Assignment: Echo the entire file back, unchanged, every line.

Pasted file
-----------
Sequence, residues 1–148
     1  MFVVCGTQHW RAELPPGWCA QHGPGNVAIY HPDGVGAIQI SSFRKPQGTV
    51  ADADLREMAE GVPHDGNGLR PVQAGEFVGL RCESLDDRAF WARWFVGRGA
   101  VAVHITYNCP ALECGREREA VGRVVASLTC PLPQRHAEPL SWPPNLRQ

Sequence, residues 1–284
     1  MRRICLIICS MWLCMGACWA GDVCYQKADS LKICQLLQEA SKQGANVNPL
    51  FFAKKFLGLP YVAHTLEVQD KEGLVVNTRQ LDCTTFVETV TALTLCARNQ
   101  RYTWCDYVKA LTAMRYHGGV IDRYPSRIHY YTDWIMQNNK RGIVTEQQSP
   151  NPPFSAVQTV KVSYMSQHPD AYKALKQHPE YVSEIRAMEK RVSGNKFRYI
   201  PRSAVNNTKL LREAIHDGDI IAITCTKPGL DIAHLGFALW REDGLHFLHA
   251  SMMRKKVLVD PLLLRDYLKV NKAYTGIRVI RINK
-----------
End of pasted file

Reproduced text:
Sequence, residues 1–148
     1  MFVVCGTQHW RAELPPGWCA QHGPGNVAIY HPDGVGAIQI SSFRKPQGTV
    51  ADADLREMAE GVPHDGNGLR PVQAGEFVGL RCESLDDRAF WARWFVGRGA
   101  VAVHITYNCP ALECGREREA VGRVVASLTC PLPQRHAEPL SWPPNLRQ

Sequence, residues 1–284
     1  MRRICLIICS MWLCMGACWA GDVCYQKADS LKICQLLQEA SKQGANVNPL
    51  FFAKKFLGLP YVAHTLEVQD KEGLVVNTRQ LDCTTFVETV TALTLCARNQ
   101  RYTWCDYVKA LTAMRYHGGV IDRYPSRIHY YTDWIMQNNK RGIVTEQQSP
   151  NPPFSAVQTV KVSYMSQHPD AYKALKQHPE YVSEIRAMEK RVSGNKFRYI
   201  PRSAVNNTKL LREAIHDGDI IAITCTKPGL DIAHLGFALW REDGLHFLHA
   251  SMMRKKVLVD PLLLRDYLKV NKAYTGIRVI RINK